This time of year is a great time to give gifts to children, so shop with holiday toy safety in mind. The following tips will have you giving gifts that are both fun and safe.
Consumers are starting a trend that is called China-Free shopping, where consumers look at toy packages to see where they were manufactured. If the toys were made in China, the customer will not buy them. Instead, consumers are opting for toys that are made in the United States, Canada or other countries that follow strict guidelines regarding the manufacturing of toys.
This is in response to the massive toy recalls that occurred in 2007 due to lead paint found on many toddler and baby toys. Numerous toys that were manufactured in China were found to have toxic lead levels in the paint above those allowed by the U.S. federal Lead Paint Standard. Many toy companies were affected, though Mattel suffered the most losses. While lead cannot be absorbed through the skin, it can be ingested when children put toys in their mouths.
Another popular toy, Aqua Dots, was recalled because rohypnol or the date rape drug was found on the plastic beads. When children put them in their mouths they succumbed to the drug's effects. Two children were reported as becoming comatose after ingesting the beads. The Chinese subcontractor is being investigated as to why they replaced the glue component of the beads with this drug.
Many retail stores post toy recalls in their stores. These recalls are often posted in the customer service areas, though many stores also post them in toy departments as well. If you would like to check out toy recalls on gifts you may have already purchased, these Web sites will provide you with recall information:
Holiday Toy Safety Tips
It can be difficult to say no to children who are clamoring for toys that may end up on a recall list. However, you can shop for toys for children using the following holiday toy safety tips:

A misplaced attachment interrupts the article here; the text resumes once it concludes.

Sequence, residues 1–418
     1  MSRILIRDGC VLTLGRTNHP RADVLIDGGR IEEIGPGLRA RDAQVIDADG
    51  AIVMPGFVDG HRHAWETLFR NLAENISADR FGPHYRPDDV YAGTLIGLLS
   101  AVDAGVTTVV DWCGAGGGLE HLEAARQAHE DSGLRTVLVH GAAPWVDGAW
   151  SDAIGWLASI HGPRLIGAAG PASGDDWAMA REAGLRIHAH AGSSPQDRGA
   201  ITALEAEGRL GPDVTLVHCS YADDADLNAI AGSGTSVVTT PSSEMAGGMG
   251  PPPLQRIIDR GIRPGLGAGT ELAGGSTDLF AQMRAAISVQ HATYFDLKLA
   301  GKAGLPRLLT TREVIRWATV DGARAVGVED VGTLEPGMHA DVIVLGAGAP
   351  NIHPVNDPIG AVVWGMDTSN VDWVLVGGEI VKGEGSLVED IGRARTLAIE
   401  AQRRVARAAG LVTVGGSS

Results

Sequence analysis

- Purchase toys that are age appropriate. Don't buy toys that toddlers can put in their mouth unless it was specifically made for toddlers. Remember, babies and toddlers always explore toys by putting them in their mouths.
- Be careful of purchasing toys that have small parts -- they can pose a choking hazard. If you have babies and toddlers in your home, always be aware that a small child can put anything and everything in their mouth.
- Shop for toys that are made of colored plastic instead of painted plastic. The majority of recent recalls are for toys that have been painted over plastic.
- While many wooden toys are generally considered safe for kids, several recalled toys were painted. Check to make sure the toys were made in the United States so that they meet the federal Lead Paint Standard.
It may be difficult to find toys your children want this holiday season, but luckily there are still many toy manufacturers that are located within the United States or in surrounding countries that haven't violated federal standards. Check the recall lists before you shop and read packages carefully before you buy any toys. Careful shopping now will help you avoid buying toys on the growing list of recalls this holiday season.